To sum up: What do you put in a research journal? EVERYTHING!!

My research journal read like a diary at times. I even included personal information about what was happening in my life. It helped to keep me writing, and helped me understand why I chose to take my research into certain directions.

Remember that no one else has to see this but you. There will probably be a lot of jargon and rubbish in there, but there will most certainly be some real gems of writing that you yourself will marvel over.

It is never too late to start, so I suggest go open a new document called “research journal” and get typing right now!! If you are stuck, and don’t know what to type, I always used to start with “I don’t really know what to write now, but…”. So go get writing (or talking)!

I’d love to hear about the benefits you have found with keeping a journal, or even the types of things you include in your journal.

30 thoughts on “Keep a research journal: It is important

  1. I’m in the fourth year of my PhD and my research journal has more words than my thesis (over 82,000 words so far). It has been a really important place to reflect on my personal journey, as well as the academic one. I write about the things I’m doing to explore my topic beyond the narrow confines of what is required by the thesis. It is a useful record of where I have been and how I am progressing. Often chunks of it become blog posts, and some paragraphs have been copied into the thesis. It will possibly become a book of its own one day. The happier I am, the less I write, so it seems to be a place where I let out stressful stuff too. Re-reading it at intervals is encouraging, because I can see that I’ve come a long way. I highly recommend keeping a research journal or a personal diary for all the reasons described in your post, but also for your own sanity.


  2. I have done this for projects in the past and it is SO important for projects that often get backburnered. With a journal, you can pick up right where you left off!


  3. Yes. This is really applicable to any walk of life. We are such wordy, intellectual creatures. Anything we do is enriched by a steady discourse with ourselves that we can easily keep in a pocket. Thanks for this reminder!


  4. A really great post! A research journal is also a great place to keep track of research databases and archives you have searched and keywords you have used in your searches.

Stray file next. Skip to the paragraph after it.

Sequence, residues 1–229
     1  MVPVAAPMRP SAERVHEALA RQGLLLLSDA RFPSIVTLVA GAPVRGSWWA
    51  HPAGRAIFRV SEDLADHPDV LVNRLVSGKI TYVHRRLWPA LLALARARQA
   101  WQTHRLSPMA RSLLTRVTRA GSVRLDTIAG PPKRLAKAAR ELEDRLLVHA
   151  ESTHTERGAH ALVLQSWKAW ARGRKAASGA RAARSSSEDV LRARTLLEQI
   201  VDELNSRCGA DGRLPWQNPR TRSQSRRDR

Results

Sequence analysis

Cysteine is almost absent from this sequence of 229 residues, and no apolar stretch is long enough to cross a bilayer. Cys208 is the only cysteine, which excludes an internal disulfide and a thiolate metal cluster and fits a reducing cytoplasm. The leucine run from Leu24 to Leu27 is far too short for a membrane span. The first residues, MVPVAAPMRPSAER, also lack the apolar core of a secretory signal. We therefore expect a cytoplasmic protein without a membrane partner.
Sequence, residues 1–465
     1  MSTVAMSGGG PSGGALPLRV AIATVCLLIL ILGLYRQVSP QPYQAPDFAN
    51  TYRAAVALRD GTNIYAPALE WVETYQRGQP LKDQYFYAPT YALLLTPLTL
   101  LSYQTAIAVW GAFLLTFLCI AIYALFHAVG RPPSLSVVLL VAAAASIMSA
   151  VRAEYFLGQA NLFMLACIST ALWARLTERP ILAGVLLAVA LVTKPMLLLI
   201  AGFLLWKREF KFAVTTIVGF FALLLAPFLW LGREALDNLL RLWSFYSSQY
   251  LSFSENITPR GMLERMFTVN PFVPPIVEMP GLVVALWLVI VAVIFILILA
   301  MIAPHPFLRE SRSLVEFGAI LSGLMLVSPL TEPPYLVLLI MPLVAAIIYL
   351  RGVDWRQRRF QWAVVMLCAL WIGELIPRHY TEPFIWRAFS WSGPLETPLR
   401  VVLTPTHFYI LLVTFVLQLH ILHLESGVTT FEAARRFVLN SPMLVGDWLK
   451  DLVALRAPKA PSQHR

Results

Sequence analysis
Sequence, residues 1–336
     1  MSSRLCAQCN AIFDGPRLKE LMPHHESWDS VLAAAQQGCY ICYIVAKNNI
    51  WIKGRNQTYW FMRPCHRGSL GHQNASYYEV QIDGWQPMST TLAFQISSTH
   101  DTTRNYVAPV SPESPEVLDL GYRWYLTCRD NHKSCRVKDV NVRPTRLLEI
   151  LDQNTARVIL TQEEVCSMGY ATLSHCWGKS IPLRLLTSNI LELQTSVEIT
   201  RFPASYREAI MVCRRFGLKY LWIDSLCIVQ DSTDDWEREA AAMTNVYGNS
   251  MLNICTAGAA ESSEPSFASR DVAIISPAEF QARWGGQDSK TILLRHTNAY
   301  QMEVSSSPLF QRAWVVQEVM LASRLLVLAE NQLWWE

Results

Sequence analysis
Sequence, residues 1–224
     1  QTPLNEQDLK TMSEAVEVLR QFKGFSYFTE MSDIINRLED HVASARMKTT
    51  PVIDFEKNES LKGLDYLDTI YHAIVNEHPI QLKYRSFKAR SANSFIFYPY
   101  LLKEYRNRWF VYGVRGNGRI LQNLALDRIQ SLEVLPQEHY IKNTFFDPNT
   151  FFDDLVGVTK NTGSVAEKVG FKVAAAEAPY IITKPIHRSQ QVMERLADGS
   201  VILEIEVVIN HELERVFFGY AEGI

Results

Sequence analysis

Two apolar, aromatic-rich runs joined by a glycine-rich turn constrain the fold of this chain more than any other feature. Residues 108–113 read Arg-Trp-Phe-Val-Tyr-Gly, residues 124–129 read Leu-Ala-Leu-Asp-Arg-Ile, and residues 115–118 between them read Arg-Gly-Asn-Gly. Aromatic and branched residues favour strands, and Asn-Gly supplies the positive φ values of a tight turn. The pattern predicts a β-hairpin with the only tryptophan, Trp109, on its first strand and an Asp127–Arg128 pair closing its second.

5. I’ve been trying to keep a research journal, but I have trouble with keeping it with me. I have a handwritten journal, but often my thoughts come at times when I don’t have a spare hand to write. I could use a recorder, but that eliminates the advantage of having everything in one place. Any ideas on how to integrate the two?


    1. I suggest you simply transcribe as soon as you get the chance. I used to transcribe first thing the following morning. It was a great way to get my head back into the research space.


  6. Great post! I have kept a journal since university for just about everything, but for some reason it took me a long time to apply the concept to research.
    My life journal is handwritten, but for research I find it easier to type things up. I use Evernote, which can handle audio recordings as well, doesn’t require an internet connection, and allows for tagging.


  7. As self reflexive journaling is a method of qualitative research, if I list this method within my research proposal, will this constitute my journal being part of the research data, thus owned by the University and able to be read by my department et al? If yes, would this mean two journals are kept? Thx!


  8. I loved this post. Do you have tips for going back to find things? I’m afraid if I hand write on my remarkable that I will lose things in the mass of words I will write. Do you often reread or have organizational ideas for making the journal easy to search?